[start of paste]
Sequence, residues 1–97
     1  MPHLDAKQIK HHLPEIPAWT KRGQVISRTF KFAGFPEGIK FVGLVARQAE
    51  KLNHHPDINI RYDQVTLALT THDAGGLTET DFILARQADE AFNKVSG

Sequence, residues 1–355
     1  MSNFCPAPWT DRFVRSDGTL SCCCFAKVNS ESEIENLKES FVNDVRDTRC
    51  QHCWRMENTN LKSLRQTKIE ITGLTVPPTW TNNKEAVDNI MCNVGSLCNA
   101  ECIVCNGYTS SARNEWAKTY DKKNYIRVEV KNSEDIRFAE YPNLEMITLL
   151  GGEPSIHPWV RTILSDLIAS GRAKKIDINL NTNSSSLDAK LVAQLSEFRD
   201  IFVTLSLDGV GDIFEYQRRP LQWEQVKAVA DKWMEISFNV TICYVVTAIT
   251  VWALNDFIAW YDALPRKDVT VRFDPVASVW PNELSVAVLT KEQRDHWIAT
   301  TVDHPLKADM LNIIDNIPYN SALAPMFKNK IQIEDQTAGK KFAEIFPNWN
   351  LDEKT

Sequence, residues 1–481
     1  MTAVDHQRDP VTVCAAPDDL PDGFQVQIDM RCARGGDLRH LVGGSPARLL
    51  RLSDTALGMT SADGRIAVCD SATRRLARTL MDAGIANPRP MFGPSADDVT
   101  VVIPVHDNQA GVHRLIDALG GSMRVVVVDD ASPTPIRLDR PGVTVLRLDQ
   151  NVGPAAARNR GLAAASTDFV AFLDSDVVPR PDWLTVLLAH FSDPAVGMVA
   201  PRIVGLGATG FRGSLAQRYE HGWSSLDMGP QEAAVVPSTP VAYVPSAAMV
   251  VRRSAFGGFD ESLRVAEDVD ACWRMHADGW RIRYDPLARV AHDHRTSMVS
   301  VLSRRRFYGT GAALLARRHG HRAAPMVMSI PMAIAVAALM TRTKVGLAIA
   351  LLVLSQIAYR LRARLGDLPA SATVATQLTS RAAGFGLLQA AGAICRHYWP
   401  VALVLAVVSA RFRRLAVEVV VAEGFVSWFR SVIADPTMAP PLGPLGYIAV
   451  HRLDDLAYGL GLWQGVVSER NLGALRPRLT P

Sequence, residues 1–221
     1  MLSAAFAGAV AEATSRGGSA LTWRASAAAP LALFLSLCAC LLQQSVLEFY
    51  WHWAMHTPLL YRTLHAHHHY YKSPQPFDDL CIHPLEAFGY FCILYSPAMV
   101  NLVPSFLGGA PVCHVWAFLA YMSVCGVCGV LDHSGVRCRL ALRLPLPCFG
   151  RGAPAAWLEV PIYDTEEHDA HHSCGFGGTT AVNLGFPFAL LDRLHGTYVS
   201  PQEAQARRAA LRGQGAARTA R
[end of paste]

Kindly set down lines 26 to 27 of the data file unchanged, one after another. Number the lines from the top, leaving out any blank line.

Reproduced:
    51  WHWAMHTPLL YRTLHAHHHY YKSPQPFDDL CIHPLEAFGY FCILYSPAMV
   101  NLVPSFLGGA PVCHVWAFLA YMSVCGVCGV LDHSGVRCRL ALRLPLPCFG